This week, a look at how Houston's parks compare to other large cities, homelessness after Harvey, a deep-dive into the picnic table and more.

Title Page

An Illustrated History of the Picnic Table. Places.

Introduction

Homelessness rose after Harvey, Houston-area census shows. Houston Chronicle.

Each January, about 300 volunteers fan out across three counties and do a point-in-time count of every homeless person they can locate. On the night of Jan. 22, teams counted 4,143 homeless people - 2,529 of them staying in shelters and 1,614 unsheltered.

Last year's assessment located 3,605 homeless people in Harris, Fort Bend and Montgomery counties - 2,287 of them sheltered and 1,318 unsheltered.

Executive Summary

Houston's Bayou Greenways and other parks investments have won national attention as ambitious projects that signal a shift in thinking about green space and land use. But a new ranking from the Trust for Public Land suggests that Houston's parks still leave a lot to be desired.

The ranking of the 100 largest cities looks at things like scale of park space, access and park spending per capita on municipal green spaces plus metrics like basketball hoops per 10,000 residents. Houston ranked 77 out of 100 in 2018, a slight bump from 2017 when the city ranked 78 and a huge drop from 2012 when the city ranked 30. Though the rankings are quite different between 2012 and 2018, the metrics aren't so different, suggesting other cities made significant jumps in investment or access. In 2012, for example, 45 percent of residents were within a half-mile walk of a park and the city spent $42.99 per resident on parks, compared to 49 percent in 2018 and $38.08 per resident. 

Spending per resident was among Houston's weakest scores. The city's level of investment earned Houston just 4 of 40 possible points. In Minneapolis, which topped the rankings, the city spends roughly $249.11 per resident on parks. Across the river, St. Paul, which ranked second, spends $217.80 per resident. Even other Sun Belt cities, with their similar auto-oriented histories, spend more than Houston. Atlanta spends $138.78 per resident, according to the analysis. Los Angeles spends $102.70 per resident. And Phoenix spends $87.35 per resident. Of note here, spending per capita doesn't just look at city spending. According to the methodology, the calculation also includes non-profit spending and volunteer hours. Spending across the 100 cities ranged from $24 to $279, with a median of $87, according to the analysis.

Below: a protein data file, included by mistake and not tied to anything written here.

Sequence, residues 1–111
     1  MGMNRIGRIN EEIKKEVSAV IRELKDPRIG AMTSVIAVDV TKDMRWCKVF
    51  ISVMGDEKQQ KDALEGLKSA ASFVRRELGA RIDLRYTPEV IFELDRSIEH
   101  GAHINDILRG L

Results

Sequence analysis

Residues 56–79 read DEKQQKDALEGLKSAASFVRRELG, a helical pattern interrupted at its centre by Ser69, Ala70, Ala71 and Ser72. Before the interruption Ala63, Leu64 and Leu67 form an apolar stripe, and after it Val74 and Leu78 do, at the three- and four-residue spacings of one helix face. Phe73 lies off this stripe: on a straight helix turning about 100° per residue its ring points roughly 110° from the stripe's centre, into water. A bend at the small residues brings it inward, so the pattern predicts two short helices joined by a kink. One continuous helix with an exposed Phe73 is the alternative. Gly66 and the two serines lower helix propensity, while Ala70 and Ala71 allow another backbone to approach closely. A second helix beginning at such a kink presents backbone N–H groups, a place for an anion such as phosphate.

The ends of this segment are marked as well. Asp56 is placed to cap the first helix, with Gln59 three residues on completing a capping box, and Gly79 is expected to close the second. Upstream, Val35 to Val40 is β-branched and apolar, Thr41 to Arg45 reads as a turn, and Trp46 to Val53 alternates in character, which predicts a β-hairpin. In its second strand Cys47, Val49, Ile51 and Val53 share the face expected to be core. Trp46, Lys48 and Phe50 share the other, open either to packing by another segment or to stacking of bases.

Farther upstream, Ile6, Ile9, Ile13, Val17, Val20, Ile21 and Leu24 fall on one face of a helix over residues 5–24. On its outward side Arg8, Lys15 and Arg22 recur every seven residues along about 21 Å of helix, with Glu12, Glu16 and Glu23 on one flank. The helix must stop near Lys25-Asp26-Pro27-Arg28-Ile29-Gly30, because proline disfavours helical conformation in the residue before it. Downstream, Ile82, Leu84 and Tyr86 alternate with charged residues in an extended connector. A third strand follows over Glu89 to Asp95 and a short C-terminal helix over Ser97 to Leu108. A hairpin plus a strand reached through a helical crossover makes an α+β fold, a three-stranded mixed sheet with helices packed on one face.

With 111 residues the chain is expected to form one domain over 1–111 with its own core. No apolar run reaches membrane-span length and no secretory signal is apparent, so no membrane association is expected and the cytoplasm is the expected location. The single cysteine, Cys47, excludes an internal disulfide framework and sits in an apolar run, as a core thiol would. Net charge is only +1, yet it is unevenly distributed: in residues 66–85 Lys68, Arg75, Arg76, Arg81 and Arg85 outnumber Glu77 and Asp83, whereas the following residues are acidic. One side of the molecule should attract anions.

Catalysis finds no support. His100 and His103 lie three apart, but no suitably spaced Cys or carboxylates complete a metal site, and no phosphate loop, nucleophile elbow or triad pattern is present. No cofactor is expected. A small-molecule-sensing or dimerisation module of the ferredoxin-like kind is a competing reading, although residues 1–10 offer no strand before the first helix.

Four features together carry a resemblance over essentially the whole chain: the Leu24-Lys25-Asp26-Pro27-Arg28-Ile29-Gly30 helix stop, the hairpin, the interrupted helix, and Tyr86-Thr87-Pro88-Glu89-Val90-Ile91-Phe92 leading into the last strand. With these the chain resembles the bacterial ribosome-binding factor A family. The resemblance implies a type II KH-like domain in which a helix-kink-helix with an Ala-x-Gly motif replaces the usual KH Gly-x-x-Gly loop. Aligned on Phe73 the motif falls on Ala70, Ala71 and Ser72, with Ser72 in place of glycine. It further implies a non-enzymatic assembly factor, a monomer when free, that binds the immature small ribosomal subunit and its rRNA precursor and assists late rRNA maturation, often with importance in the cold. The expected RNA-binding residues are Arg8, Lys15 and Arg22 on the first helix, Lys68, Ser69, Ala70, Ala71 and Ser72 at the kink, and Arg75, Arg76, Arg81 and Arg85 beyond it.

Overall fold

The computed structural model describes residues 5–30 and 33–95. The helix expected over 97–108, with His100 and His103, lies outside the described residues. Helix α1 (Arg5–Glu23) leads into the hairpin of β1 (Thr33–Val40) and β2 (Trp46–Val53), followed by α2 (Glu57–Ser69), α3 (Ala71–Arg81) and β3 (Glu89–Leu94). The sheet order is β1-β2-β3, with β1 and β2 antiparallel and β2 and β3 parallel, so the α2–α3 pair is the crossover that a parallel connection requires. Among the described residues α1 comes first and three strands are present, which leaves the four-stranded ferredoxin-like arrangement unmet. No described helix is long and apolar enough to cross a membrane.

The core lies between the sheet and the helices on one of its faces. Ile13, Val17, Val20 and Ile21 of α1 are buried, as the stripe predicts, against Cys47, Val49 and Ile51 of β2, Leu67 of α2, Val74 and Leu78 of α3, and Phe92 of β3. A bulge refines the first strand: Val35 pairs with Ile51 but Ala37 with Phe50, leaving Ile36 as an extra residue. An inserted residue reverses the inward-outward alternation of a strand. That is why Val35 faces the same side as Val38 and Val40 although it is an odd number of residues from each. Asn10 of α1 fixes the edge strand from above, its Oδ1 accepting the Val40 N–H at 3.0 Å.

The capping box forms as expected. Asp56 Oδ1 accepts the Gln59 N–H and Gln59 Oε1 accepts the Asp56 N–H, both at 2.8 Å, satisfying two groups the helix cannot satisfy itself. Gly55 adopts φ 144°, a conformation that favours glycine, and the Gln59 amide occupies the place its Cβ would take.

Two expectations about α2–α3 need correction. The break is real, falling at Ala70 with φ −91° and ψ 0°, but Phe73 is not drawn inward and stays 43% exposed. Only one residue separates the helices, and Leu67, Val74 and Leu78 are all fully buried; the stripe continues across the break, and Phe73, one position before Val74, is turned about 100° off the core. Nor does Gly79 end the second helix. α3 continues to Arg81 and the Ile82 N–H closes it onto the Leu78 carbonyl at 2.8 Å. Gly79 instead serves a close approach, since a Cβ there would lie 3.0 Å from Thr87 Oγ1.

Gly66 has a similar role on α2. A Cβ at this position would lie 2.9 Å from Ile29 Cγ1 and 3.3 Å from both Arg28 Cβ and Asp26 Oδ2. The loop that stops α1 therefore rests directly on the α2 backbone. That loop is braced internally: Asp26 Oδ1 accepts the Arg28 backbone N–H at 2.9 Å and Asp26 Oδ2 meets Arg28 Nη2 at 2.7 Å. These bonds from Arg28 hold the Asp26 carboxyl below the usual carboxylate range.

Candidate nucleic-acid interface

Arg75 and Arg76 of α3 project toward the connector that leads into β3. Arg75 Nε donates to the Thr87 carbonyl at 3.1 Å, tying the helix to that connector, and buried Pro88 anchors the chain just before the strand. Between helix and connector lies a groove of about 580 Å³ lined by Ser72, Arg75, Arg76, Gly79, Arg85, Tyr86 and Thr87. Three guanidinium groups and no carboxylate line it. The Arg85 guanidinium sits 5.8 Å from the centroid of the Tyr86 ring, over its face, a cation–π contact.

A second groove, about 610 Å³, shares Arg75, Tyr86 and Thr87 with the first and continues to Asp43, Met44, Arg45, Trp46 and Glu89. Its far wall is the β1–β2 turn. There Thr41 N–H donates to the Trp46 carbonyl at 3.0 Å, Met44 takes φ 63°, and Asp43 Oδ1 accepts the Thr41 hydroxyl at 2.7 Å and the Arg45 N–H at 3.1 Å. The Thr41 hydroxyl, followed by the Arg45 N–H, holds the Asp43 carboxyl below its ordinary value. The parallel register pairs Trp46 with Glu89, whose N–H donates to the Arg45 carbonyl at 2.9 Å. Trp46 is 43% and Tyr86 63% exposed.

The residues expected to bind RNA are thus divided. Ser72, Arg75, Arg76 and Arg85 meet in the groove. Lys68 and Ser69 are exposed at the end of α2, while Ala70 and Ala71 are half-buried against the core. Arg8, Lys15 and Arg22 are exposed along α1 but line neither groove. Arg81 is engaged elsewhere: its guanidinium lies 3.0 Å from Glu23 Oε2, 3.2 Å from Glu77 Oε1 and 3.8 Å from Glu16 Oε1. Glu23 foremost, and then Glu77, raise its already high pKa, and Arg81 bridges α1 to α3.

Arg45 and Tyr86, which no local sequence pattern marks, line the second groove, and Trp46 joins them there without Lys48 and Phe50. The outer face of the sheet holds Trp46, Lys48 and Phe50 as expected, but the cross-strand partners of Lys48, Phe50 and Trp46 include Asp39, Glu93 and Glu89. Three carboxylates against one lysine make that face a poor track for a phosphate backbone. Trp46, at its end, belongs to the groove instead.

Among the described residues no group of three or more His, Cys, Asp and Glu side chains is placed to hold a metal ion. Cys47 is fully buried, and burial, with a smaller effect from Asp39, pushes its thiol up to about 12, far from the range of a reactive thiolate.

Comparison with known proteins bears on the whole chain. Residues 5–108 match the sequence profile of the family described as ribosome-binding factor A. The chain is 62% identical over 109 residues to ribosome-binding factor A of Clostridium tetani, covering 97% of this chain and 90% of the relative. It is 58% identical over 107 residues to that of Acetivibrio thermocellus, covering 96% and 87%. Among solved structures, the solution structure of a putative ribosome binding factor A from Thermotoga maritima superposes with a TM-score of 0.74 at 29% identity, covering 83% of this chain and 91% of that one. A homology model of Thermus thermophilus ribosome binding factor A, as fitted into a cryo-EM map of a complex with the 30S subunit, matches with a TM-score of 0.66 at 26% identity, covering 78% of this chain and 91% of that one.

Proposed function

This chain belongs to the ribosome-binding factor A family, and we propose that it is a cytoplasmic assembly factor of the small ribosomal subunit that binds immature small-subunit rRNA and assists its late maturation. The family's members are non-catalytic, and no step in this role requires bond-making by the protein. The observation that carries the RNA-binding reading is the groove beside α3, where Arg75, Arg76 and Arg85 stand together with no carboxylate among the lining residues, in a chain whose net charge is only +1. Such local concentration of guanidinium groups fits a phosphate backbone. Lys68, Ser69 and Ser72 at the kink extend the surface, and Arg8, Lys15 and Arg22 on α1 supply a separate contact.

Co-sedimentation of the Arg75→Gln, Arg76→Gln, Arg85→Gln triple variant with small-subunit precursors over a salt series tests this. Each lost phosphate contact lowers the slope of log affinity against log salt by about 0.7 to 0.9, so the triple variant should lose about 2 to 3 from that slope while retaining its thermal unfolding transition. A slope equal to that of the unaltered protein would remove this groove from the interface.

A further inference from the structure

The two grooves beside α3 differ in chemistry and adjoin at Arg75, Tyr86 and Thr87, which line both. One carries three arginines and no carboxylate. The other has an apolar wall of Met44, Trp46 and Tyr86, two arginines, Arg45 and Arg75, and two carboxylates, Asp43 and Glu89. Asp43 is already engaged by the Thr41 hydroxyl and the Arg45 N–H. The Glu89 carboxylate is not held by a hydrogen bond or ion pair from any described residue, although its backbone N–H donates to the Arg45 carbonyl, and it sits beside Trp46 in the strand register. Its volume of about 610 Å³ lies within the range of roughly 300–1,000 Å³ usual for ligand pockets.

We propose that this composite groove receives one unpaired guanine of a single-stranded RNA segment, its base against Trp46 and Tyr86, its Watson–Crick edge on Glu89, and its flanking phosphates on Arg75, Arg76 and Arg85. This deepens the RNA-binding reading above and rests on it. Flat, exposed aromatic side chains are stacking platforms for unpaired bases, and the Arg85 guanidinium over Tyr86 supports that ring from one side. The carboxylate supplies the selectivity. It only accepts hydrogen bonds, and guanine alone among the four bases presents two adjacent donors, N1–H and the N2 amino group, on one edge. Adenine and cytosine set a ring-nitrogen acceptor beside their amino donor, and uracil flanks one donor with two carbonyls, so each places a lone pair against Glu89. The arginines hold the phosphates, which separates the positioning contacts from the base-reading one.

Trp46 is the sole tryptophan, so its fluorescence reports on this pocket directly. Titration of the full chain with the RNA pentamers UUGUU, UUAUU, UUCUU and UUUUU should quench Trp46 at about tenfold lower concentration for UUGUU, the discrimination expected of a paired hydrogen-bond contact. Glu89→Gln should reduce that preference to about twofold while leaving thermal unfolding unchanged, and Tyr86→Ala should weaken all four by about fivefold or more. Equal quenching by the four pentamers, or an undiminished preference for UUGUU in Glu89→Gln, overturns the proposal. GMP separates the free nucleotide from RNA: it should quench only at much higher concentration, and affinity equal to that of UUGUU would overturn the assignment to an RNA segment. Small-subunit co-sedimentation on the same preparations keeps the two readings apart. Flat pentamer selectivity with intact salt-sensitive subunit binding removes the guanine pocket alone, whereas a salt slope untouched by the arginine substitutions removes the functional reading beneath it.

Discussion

Houston also ranked pretty poorly when it came to amenities, things like dog parks, playgrounds, splashpads, restrooms -- all the things that make going to the park not just fun but practical. Those little green slivers of grass between streets with a sign and little else? Those don't cut it. Those scores also imply that as cities think about connectivity and do things like create miles of hike and bike trails, they should also consider such amenities to make sure the places doing the connecting as well as being connected are robust. 

Explore the rankings here.

Conclusion

Turns out "the idle poor have been criminalized in some form or another since 1342," in England, which helped give the United States its history of anti-loitering policies. As CityLab's visual storyteller, Ariel Aberg-Riger points out, police liked these laws because they were "very very very very vague" and "they gave them the ability to arrest a type of person (not just a criminal act)." Her visual piece looks at famous loitering cases that highlight the ways marginalized people are policed. She also draws attention to the list of high-profile cases of white women, empowered by anti-loitering policies and thinking, calling the cops to complain about the presence of black and Native American people.

Endnotes